Eddie Garza’s New Mexican Food Cookbook Adds a Vegan Twist to Classic Dishes

Hannah Sentenac | Miami New Times



For Eddie Garza, the kitchen has always been his happy place. Growing up, he spent countless hours making Mexican cuisine with his grandmother. “I’ve been cooking as long as I can remember,” he says.

And though the years of culinary experience gave him a great love and appreciation for food, it also led to an unhealthy lifestyle. He was overweight as a child and hit 300-plus pounds as an adult music teacher.


All of that changed, however, when he met a fellow teacher who inspired him to make more conscious choices — for his own health, for the environment, and for animals too. Eventually, he decided to get into the culinary world and began working at a famous vegan eatery: the Spiral Diner in Dallas and Fort Worth.


From there, he launched a career as a plant-based chef and TV personality. Now he’s the senior manager of Food & Nutrition for the Humane Society of the U.S. (HSUS), as well as a cookbook author. His latest book, ¡Salud! Vegan Mexican Cookbook, offers an array of Mexican favorites, all 100 percent veganized. It will hit shelves (and Amazon) this Thursday, December 15.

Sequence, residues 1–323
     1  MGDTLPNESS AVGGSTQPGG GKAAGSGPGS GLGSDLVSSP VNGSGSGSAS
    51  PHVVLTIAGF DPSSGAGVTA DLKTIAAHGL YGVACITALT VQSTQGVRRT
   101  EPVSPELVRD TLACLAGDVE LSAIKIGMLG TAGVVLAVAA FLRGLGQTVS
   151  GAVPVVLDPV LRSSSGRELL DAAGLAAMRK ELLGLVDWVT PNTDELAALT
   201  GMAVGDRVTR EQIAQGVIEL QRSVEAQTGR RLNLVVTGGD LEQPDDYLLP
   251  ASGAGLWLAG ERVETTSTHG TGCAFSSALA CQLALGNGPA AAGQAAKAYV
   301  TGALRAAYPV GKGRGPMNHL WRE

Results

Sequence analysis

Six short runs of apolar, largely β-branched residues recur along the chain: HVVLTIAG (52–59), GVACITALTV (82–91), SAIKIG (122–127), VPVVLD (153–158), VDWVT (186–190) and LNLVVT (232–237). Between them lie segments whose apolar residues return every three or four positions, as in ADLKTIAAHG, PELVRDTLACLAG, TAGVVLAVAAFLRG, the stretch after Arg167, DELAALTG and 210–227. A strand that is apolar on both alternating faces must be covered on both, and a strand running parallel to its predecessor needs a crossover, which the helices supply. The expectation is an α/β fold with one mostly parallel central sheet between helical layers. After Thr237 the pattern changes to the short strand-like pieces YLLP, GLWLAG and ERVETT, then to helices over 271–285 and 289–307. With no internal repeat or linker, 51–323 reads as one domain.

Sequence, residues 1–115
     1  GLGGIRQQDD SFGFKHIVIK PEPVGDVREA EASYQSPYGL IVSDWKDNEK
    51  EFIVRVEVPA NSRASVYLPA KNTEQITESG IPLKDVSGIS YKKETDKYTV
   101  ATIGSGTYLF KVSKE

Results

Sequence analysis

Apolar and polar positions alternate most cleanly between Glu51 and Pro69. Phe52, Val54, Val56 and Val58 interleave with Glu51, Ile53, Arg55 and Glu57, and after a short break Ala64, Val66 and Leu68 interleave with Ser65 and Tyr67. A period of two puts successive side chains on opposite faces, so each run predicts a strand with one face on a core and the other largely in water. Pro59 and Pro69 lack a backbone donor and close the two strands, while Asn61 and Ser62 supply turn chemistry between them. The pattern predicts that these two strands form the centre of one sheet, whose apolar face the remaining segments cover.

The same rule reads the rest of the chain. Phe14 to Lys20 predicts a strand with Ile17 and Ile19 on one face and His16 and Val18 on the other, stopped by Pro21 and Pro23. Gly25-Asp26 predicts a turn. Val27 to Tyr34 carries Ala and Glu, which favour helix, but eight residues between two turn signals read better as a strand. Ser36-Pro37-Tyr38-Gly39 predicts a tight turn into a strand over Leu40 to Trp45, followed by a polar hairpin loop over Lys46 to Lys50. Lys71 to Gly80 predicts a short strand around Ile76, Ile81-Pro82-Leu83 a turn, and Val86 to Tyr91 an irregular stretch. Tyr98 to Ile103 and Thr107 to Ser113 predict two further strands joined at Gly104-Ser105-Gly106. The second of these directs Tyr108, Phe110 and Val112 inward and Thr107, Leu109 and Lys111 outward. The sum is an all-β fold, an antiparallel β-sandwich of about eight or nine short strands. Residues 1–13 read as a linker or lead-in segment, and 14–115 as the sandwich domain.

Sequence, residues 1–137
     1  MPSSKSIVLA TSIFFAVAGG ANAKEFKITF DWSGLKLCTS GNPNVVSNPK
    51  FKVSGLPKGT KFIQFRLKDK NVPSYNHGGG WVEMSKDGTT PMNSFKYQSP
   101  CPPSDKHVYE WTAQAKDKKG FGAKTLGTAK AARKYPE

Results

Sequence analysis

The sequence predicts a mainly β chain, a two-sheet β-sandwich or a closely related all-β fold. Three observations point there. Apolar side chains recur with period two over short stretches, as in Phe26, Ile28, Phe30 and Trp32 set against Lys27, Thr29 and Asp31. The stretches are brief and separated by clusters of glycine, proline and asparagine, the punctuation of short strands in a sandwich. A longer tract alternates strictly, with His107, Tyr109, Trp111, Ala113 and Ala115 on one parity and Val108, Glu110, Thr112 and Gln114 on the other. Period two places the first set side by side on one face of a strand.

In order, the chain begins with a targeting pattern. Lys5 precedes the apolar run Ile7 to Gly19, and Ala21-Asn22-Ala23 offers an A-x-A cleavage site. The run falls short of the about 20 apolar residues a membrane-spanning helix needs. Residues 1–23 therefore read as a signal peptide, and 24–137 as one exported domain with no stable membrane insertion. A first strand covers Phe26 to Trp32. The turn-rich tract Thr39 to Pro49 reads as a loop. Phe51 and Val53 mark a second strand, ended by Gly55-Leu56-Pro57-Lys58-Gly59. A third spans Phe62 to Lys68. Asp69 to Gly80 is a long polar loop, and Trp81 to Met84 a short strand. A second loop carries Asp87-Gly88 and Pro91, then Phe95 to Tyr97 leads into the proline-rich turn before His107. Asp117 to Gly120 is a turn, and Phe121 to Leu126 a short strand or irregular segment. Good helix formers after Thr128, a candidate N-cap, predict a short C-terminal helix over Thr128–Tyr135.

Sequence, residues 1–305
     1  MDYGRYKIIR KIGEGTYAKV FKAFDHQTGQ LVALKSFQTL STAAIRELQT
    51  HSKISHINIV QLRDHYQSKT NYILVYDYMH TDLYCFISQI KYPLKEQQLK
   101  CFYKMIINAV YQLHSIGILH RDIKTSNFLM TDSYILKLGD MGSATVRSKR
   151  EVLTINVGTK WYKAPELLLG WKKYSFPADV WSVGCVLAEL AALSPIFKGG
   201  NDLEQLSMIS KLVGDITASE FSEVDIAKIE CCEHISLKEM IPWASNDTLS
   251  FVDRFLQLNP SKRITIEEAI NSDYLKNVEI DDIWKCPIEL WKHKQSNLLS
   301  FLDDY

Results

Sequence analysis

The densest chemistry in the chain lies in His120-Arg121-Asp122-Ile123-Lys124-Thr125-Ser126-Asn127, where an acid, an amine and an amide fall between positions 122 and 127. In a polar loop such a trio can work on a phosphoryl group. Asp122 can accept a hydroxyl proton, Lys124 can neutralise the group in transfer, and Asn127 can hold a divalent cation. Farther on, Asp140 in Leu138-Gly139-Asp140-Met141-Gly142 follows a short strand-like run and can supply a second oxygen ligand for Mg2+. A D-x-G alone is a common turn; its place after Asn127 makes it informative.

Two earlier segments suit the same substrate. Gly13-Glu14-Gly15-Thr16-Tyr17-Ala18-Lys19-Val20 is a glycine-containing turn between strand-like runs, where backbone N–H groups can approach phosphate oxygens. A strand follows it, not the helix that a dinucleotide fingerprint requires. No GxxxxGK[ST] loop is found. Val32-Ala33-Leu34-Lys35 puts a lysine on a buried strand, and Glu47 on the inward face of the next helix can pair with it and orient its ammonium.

So who’s the target audience for the new book? “I think I see it as anybody who loves Mexican food, which, honestly, that’s the whole world,” he laughs.


Veganizing Mexican food really isn’t a stretch, Garza explains. Originally, the region’s cuisine was primarily plant-based — until outside influences were introduced, that is. Cheese, for example, was brought over by Belgian immigrants, and meat was rare until the Spanish arrived.


Garza’s concoctions incorporate both old-school meals (many of which were originally vegan) and revamped versions of more modern favorites. The book offers 150 recipes, including spicy eggplant barbacoa tacos; classic chile relleno; chicken-style enchiladas with green mole sauce; and horchata Mexicana. “I wanted to show we can still go back to our plant-based roots and enjoy all the flavors we love, from Mesoamerican to modern Mexican,” he explains.


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